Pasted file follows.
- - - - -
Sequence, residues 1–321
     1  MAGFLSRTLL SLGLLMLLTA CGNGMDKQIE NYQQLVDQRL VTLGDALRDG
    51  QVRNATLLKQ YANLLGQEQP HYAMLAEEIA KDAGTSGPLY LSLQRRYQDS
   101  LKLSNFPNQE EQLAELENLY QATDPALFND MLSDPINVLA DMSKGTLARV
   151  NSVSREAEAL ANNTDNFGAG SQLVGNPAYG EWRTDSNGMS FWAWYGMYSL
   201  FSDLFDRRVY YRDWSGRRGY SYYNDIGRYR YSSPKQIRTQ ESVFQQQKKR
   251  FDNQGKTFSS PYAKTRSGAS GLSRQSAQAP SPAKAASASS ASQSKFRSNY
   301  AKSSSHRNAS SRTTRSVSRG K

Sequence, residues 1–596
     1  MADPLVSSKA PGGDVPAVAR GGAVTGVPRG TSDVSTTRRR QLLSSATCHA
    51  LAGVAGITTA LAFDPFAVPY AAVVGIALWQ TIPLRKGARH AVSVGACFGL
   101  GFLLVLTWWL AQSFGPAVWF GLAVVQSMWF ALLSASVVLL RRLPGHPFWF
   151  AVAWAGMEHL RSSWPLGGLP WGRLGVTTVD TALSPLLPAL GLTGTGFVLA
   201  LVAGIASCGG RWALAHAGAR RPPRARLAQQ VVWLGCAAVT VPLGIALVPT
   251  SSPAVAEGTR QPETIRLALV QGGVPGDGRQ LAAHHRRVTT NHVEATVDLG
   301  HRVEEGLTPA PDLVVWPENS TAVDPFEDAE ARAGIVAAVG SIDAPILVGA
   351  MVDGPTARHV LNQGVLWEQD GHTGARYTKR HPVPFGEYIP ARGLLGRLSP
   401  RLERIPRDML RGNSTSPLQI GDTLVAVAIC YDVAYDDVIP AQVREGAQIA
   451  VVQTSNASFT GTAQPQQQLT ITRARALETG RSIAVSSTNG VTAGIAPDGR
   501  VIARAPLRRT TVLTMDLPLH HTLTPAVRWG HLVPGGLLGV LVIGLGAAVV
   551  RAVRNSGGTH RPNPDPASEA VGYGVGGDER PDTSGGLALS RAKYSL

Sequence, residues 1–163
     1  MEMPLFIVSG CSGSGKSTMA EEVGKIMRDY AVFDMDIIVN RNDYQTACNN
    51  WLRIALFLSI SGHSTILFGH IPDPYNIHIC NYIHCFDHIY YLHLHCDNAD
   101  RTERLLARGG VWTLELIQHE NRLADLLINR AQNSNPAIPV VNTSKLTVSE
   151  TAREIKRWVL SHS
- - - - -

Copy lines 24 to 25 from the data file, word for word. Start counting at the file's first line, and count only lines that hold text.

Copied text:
    51  WLRIALFLSI SGHSTILFGH IPDPYNIHIC NYIHCFDHIY YLHLHCDNAD
   101  RTERLLARGG VWTLELIQHE NRLADLLINR AQNSNPAIPV VNTSKLTVSE